Witten among greatest collegiate men’s tennis players ever

By Lindsay Travis | Sports Writer

[email protected]

Eight years after his final collegiate match, Jesse Witten will be inducted into the UK Athletics Hall of Fame as, statistically, the most dominant player in UK men’s tennis program history.

“From the minute he walked on campus we knew he was going to be really good,” former UK head coach Dennis Emery said.  “We didn’t realize he was going to be one of the best players in NCAA history.”

Witten was 2002 SEC Freshman of the Year, 2005 SEC Player of the Year, and qualified for two Grand Slam tournaments while at UK, the only Wildcat to do so, according to UK Athletics.

“I didn’t think I was any better than anybody on the team or thought I was better than anyone in the country,” Witten said.  “I just played and did my part, showed up at practice just like everybody else and let everything fall where it fell.”

Witten was also the only four-time men’s singles All-American in NCAA history.

“There’s only been four players in NCAA history that went to the finals of the NCAAs as a freshman,” Emery said. “One of those was John McEnroe, and another one was Jesse.”

He was an All-American five times in his career at UK, four individually and one as a doubles player, according to UK Athletics.

Witten is the 13th winningest player in NCAA history, according to Emery.

However, with all of his accomplishments as an individual, Witten’s favorite memory is one he shares with his teammates.

“My freshman year our team made it to the quarterfinals of the NCAA’s and I didn’t know much about it, but I remember the team aspect of it — going that far,” Witten said.  “It had been a while since the team had done that. That’s kind of the moment that sticks out the most to me.”

Witten now plays tennis professionally. The highlight of his professional career, according to Emery, was when Witten reached the third round of the U.S. Open in 2009 against Novak Djokovic, who would later go on to be No. 1 in the world.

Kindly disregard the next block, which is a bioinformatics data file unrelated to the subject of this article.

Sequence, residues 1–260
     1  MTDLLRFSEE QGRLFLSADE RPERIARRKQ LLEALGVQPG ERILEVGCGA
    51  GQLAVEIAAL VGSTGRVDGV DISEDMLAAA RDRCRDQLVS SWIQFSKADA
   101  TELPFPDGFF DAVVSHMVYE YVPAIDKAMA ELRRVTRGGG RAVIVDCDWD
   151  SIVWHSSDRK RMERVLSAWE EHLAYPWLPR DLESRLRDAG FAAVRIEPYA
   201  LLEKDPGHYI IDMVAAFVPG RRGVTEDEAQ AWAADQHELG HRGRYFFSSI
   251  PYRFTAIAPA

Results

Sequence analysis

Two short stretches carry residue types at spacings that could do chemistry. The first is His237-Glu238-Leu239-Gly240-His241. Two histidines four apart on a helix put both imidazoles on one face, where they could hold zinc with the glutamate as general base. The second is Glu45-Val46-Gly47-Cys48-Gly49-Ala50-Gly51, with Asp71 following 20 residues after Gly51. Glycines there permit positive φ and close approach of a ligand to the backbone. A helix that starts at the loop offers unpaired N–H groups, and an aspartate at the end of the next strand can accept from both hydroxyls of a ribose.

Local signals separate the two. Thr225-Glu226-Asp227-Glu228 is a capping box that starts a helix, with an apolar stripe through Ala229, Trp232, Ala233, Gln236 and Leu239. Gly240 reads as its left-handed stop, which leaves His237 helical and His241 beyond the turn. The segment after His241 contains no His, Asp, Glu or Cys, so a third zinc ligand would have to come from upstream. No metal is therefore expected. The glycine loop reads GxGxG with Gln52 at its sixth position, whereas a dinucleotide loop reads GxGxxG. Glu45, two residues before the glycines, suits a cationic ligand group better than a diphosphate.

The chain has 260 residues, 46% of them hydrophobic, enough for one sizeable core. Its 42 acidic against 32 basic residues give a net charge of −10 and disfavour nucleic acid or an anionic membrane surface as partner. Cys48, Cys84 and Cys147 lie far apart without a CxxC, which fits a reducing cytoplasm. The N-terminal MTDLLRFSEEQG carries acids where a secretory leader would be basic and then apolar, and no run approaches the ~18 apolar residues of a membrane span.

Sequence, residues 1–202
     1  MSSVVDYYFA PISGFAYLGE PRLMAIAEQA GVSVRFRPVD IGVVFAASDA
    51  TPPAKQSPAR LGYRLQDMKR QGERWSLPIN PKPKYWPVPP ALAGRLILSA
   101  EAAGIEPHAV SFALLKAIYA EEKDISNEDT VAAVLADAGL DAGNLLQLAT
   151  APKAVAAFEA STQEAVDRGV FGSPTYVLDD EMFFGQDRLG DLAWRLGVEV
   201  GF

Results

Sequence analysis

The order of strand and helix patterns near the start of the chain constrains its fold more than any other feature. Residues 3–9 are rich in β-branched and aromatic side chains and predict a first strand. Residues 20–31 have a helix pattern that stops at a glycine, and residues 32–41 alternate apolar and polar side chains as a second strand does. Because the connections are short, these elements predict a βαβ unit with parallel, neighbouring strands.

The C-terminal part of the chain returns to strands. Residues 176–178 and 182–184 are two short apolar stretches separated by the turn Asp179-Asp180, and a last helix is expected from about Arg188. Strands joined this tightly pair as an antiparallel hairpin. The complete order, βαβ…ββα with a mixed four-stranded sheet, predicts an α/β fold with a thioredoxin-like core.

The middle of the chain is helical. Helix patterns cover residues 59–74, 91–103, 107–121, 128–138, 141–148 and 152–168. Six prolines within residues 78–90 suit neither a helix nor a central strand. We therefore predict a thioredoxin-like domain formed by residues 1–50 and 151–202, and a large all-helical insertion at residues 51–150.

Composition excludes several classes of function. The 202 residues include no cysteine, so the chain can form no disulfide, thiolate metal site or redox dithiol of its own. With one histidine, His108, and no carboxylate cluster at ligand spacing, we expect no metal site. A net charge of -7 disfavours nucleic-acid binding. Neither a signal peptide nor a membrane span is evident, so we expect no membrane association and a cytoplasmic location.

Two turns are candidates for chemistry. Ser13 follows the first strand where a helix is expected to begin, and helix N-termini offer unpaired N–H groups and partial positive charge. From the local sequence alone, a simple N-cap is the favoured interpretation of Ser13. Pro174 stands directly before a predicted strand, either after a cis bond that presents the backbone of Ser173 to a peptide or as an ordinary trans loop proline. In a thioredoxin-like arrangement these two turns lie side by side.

Witten would lose 6-7(2), 6-3, 7-6(2), 6-4 in four “really close sets,” Emery said.

“A kind of neat thing that came out of that was that after he lost he came into the interview room and he threw on his Kentucky tennis T-shirt and did his interviews in it,” said Emery.

Witten “loved playing at UK,” according to his former coach.

“I try to help recruit some kids, like Eric Quigley, when I can,” Witten said. “I tell them my experiences. I mean once you’re on the campus at UK and you meet the coaches and you see the facilities though, it’s pretty hard to say no.”

Witten is only the second men’s tennis player to be inducted into the UK Athletics Hall of Fame. The first was current head coach Cedric Kauffmann.

“I look at the history and it’s a great honor,” Witten said. “It’s a pretty awesome thing to be up there with the other great names who’ve done some great things in their sports and for the school.”

Witten will not be able to attend the ceremony, but his family and Emery will accept the honor on his behalf.

“It’s a real honor and a real thrill for me because he’s one of my favorite players I’ve ever coached as well as one of the best players I’ve ever coached,” Emery said.